The New Year with P&O Ferries

Fancy staying closer to home this year? Well, says John Hillman, why not have a ride over the Reims?

No sooner has the tinsel been boxed up and the tree dispatched to the local recycling plant that thoughts begin to wander across the channel..

The Champagne-Ardenne region of north-west France lies open to discovery; just a few hours’ drive from the port of Calais this land of medieval walled towns, lakes and forests is close enough to make a long weekend road trip just about feasible.

Heading down the A26 brings you into a world of vintage wines and fine gastronomic flavours, set against backdrops of outstanding natural beauty all around you.

Champagne-Ardenne is over 60% agricultural land and like many regions of France is suffering from a rural exodus as people give up the dream and head into the cities in search of modern apartments and cheap Chinese plastic gadgets to fill them with.

Until now these rural runaways were being occasionally replaced with English families’ intent on living out their Good Life fantasies, but financial crises (and all that) are probably having a slight affect on their numbers too, so expect it to be very quiet.

Champagne, the regions famous sparkling wine, was once produced in this region using the waste from the streets of Paris as fertiliser for the grape vines. It was the ultimate recycling system and an early example of making good use of old rubbish. This went on throughout time until it was finally brought to a halt in the 20th century because of the sudden increase in modern non-organic waste that was finding its way into the soil; think about that next time you’re showing off your 1954 vintage.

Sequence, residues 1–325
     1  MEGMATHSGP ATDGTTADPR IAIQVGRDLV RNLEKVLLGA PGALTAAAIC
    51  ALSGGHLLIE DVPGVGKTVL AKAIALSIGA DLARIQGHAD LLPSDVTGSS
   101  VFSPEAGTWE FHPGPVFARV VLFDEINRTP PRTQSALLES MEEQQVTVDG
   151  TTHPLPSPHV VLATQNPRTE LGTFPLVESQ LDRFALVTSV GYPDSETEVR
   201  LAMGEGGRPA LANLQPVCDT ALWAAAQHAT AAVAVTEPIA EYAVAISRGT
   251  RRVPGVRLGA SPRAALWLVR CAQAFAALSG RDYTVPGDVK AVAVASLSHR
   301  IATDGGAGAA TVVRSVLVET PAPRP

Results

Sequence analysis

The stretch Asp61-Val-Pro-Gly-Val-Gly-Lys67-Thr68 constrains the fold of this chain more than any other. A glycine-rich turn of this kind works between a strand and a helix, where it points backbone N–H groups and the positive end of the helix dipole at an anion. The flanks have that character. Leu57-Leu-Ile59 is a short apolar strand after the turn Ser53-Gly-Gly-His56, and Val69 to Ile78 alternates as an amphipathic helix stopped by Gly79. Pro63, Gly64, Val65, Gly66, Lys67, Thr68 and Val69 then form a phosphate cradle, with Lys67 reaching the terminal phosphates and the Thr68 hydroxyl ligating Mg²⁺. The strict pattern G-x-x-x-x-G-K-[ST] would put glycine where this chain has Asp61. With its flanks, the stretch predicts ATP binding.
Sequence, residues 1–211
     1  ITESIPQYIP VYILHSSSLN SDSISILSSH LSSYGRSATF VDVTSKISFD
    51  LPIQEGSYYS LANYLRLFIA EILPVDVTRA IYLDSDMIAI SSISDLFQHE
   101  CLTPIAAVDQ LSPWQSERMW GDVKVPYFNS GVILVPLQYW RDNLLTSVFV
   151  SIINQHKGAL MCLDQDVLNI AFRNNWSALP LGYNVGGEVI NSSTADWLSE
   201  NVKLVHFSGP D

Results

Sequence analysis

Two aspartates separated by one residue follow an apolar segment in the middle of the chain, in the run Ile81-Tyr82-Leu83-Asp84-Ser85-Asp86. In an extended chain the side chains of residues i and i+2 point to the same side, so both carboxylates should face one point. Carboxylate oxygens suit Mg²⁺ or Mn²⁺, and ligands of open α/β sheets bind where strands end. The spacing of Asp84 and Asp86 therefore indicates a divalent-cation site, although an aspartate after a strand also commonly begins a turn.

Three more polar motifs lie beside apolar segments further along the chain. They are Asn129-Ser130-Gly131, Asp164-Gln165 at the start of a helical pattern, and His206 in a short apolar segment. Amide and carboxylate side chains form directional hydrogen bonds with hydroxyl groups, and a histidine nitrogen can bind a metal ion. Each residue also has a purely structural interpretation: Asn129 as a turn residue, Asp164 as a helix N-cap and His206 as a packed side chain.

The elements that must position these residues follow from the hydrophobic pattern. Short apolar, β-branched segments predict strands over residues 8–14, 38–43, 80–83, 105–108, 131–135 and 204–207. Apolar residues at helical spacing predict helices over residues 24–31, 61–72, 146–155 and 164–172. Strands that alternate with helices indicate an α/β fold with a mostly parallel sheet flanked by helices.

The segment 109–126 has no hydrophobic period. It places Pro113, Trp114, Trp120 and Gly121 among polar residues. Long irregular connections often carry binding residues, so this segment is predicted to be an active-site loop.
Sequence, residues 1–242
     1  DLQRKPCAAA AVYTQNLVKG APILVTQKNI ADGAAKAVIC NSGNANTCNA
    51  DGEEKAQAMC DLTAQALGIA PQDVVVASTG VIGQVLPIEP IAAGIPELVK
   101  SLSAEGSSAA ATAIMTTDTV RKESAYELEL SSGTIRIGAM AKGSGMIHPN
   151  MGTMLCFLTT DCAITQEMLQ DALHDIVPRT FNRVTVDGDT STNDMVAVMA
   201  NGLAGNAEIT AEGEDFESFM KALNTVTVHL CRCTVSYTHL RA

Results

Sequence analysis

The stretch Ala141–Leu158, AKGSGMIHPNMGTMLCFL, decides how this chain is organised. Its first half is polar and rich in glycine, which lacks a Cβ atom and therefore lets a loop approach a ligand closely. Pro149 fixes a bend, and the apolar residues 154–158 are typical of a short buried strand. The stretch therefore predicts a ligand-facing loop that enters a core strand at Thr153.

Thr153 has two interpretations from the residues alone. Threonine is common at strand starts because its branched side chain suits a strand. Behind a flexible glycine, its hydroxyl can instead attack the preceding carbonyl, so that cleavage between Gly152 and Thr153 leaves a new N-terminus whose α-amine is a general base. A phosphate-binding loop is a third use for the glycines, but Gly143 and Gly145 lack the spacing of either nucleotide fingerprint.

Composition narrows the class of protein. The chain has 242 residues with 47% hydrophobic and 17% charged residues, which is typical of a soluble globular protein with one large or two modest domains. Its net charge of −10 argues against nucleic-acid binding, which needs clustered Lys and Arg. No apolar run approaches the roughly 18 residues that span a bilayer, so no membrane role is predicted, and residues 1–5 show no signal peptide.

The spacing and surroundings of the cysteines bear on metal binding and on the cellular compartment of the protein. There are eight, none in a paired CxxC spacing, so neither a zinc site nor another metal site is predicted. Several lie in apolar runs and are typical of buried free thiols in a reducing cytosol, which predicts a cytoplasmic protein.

But human waste wasn’t the only old rubbish Paris used to send this way as it is also the place where French Kings came to be crowned at the cathedral in the regional capital of Reims.

Attracting more than 500,000 visitors a year the Notre-Dame de Reims is as ancient as it is spectacular, sitting on the site of an older church that was destroyed by fire in 1211 and completed at the end of the 13th century this is actually where Joan of Arc attended the coronation of Charles VII in 1429. It became a UNESCO world heritage site in 1991.

The city of Reims itself dates back to pre-Roman Gaul and is packed full of picturesque squares, such as the Place Drouet d’Erlon, with its many bars and pretty fountains, and the Place Cardinal Lucon with its equestrian statue of Joan of Arc.

Anyone wishing to break the monotony of the coming winter months will do well to get to Reims for the annual performing arts festival, Le Cirque Educatif, which takes place between 9th January and 1st February in a beautifully restored stone circus building in the centre of town. Every year more than 45,000 people turn out to see the processions of clowns and acrobats who parade through the streets on their way to perform, where they then show off their skills amongst some of the best up-and-coming acts in the world of circus. A fine example of how to beat the winter blues.